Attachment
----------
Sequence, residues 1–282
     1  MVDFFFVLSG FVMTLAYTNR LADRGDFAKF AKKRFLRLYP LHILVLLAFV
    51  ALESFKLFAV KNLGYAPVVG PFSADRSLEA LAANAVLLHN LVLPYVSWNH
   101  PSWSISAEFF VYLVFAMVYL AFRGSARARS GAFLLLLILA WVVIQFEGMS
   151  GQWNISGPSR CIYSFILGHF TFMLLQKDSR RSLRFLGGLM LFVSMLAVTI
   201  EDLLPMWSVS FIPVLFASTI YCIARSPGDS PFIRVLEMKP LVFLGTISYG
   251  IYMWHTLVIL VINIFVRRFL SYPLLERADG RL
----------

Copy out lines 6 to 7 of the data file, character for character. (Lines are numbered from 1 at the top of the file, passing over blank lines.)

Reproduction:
   201  EDLLPMWSVS FIPVLFASTI YCIARSPGDS PFIRVLEMKP LVFLGTISYG
   251  IYMWHTLVIL VINIFVRRFL SYPLLERADG RL